Thank you. Professor Kelly.

PAUL KELLY:       

Thanks, Eric. So, one thing just before we go to questions and I'll take the room first. Just my heart goes out to the people of Victoria. They've suffered through last winter with a lockdown and so forth. I really hope that this will be a short one and to get on top of this issue. But I've had many discussions with my Victorian colleagues over the last few days. It is the right thing to do at this stage, given what has happened particularly in relation to the more transmissible variant, the increasing numbers and particularly those increase in those high-risk settings where transmission could have occurred. It's quite clear that there has been a super spreading event from one of the members of the current cluster, particularly at that workplace. So that really points to high risk at this time in terms of transmission through the community. And I know it's tough. It's very difficult to go through these matters and I have many friends down in Melbourne who told me how difficult it was last year. So, let's hope it's just for a week, but it is necessary and the Victorian authorities are doing the right thing right now and they have our support.

So we'll go to the room.

QUESTION: 

Australians have been told that they must wait two weeks after getting a flu shot to then get a COVID-19 vaccine. Has this advice changed? And if so, why? And also, is ATAGI considering expanding access to COVID-19 vaccines given that one in four doses being distributed aren't being administered at the moment?

PAUL KELLY:       

So a couple of questions there. Firstly, on the separation between flu and COVID vaccines. That advice is based on the ATAGI advice that was sought very early on in the vaccine rollout. That remains the advice in general. It was mentioned just now by my colleague, Commodore Young, about those few aged care facilities, very high vulnerable groups in the community. We know what happened last year in Victoria in terms of high fatality rates in those settings. So absolutely crucial we get to those aged care facilities. Those very few aged care facilities in Melbourne, and in Victoria more broadly, that have not yet received one dose was mostly because they had the flu vaccine in the last couple of weeks and it was being delayed. I sought advice specifically for that situation - so aged care facilities in this high-risk area -from ATAGI today, and they enforced the fact that the benefit of having vaccine and not waiting for the COVID vaccine in those settings at this time meant- outweighed any risk of shortening that interval. And so, I wrote to those facilities today, as the Chief Medical Officer, to give my advice that that should be changed for this specific event at this specific time. But just to be very clear, at the moment, the general advice around Australia and outside of aged care facilitates is to keep that two-week gap.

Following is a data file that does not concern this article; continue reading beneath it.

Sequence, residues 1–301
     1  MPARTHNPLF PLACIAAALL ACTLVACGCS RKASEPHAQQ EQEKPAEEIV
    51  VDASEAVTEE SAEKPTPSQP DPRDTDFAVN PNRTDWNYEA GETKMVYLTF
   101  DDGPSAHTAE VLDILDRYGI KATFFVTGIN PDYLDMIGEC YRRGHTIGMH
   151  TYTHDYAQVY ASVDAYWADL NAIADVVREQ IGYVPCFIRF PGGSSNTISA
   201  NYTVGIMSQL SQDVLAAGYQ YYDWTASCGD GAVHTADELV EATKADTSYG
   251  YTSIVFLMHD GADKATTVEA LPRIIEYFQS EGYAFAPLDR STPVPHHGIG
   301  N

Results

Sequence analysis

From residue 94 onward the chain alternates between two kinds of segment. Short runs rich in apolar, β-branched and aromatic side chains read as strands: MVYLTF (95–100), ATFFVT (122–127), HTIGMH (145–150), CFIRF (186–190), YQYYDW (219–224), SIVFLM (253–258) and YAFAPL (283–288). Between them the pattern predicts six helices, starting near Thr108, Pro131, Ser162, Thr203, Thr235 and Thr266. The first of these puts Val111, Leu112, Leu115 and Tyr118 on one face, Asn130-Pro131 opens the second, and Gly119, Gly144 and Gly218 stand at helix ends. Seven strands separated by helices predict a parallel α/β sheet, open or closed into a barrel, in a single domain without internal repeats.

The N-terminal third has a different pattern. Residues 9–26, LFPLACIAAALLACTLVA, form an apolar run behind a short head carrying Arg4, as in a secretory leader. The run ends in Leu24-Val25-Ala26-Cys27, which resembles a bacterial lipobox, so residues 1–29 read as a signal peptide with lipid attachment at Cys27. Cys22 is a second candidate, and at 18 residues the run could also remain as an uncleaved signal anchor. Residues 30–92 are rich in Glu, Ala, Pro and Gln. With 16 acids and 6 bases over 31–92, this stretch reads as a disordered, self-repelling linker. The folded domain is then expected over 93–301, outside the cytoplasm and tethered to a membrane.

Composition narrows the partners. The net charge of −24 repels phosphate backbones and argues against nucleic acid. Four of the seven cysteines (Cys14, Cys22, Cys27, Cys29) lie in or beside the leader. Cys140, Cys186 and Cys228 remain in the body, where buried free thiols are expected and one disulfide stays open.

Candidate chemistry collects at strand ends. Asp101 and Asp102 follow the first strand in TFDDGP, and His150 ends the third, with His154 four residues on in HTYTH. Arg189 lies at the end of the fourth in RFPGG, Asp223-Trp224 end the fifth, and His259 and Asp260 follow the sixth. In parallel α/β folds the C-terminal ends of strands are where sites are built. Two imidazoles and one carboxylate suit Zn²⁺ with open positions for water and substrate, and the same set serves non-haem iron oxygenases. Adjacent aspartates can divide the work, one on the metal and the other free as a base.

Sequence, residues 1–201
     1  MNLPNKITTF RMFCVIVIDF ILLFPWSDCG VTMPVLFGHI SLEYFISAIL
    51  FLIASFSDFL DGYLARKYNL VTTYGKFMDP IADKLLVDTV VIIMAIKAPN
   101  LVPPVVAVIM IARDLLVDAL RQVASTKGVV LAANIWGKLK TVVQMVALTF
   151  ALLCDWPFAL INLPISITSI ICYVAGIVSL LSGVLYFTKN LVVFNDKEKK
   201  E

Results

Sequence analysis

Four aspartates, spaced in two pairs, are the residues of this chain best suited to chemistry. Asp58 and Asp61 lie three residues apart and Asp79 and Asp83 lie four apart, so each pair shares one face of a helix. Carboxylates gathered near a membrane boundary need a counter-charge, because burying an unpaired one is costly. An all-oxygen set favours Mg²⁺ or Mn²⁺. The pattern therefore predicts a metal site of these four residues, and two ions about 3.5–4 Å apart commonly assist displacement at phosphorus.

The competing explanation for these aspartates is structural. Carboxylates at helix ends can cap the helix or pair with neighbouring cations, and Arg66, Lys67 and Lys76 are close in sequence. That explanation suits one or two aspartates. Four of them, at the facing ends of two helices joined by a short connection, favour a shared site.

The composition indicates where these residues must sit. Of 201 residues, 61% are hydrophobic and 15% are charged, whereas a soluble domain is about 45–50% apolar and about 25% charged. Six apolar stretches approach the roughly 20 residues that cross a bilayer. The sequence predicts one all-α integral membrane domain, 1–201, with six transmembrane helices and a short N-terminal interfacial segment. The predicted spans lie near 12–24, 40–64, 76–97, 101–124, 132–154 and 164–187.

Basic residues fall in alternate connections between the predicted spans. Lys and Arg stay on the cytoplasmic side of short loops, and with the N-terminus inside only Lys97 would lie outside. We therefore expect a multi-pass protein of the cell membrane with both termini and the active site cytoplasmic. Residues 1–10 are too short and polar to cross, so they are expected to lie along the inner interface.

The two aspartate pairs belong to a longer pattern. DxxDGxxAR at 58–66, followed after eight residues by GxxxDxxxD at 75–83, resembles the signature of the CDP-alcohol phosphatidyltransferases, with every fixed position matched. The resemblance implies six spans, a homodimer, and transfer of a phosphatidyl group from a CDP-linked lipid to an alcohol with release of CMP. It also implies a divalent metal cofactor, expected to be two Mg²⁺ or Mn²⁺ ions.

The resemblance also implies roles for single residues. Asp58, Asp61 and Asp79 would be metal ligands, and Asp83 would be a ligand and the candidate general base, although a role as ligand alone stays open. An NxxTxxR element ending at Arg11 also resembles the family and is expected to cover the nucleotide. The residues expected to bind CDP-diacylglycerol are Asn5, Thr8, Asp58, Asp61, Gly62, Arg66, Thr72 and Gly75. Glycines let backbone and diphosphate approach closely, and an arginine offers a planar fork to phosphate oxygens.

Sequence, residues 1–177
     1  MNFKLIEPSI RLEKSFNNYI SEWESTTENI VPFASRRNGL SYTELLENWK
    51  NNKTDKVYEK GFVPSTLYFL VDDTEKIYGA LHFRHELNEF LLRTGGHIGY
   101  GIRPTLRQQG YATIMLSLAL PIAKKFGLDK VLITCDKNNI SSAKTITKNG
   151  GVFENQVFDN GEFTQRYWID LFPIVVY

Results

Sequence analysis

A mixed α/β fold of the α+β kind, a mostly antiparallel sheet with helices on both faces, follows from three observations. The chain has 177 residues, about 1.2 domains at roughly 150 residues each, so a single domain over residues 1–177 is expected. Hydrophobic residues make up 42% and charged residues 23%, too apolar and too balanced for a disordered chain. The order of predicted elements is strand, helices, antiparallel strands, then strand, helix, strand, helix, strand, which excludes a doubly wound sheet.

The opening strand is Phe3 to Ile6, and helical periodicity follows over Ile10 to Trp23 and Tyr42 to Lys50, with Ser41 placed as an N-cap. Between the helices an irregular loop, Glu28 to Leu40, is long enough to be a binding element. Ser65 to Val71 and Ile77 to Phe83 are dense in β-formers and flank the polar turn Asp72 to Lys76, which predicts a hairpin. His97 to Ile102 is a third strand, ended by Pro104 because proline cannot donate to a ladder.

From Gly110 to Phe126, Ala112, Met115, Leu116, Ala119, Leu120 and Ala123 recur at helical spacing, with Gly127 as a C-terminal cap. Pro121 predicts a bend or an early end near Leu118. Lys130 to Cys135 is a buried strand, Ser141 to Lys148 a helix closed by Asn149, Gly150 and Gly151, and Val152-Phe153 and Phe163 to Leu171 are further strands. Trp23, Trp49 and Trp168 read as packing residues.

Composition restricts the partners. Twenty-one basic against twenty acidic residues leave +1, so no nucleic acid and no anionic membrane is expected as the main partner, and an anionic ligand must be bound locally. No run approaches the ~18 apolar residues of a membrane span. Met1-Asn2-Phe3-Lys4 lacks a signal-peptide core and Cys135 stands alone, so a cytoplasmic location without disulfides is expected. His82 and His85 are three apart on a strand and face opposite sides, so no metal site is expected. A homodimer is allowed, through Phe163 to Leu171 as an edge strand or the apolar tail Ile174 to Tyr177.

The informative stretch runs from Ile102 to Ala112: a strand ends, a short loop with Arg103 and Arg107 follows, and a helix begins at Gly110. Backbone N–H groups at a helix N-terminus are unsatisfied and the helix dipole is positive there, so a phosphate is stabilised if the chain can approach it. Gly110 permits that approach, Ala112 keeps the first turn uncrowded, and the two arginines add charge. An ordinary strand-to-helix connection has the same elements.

QUESTION: 

On the vaccine program, the Prime Minister has said today that we've got an ample supply of doses at the moment. There are about 10,000 close contacts at this stage of those cases in Victoria. Is there a case for widening the vaccine program to people under the age of 40, given we have ample doses at the moment?

PAUL KELLY:       

So, we have ample doses but remember, most of those doses are AstraZeneca. And so, on the basis again of the advice from ATAGI, that would only be limited to people over the age of 50. And so, we just have to put that in context.

QUESTION: 

Is there any consideration being given to perhaps trying to get as many first doses in as possible, maybe not holding back second doses of the Pfizer just to get that kind of first dose coverage in Victoria?

PAUL KELLY:       

Yeah. That has been a decision that's been made in some other countries, particularly those having very large outbreaks. So that's worth consideration. At this stage, we haven't changed that approach which has generally been for every person that has a first dose- second doses in reserve to give to them after three weeks. But let's see how it goes over the next week in terms of cases and numbers and so forth, and it is- a large number of those contacts are in that younger age group, as you've pointed out. So certainly it's worth considering, but at this stage, no change to that approach.

QUESTION: 

Professor Kelly, can you give us a sense of the AHPPC meeting today, compared with other outbreaks, the presence of the Indian strain must have been particularly concerning for chief health officers? What kind of atmosphere was there? Are people really concerned, given it's got a two-week head start in Victoria at the moment?

PAUL KELLY: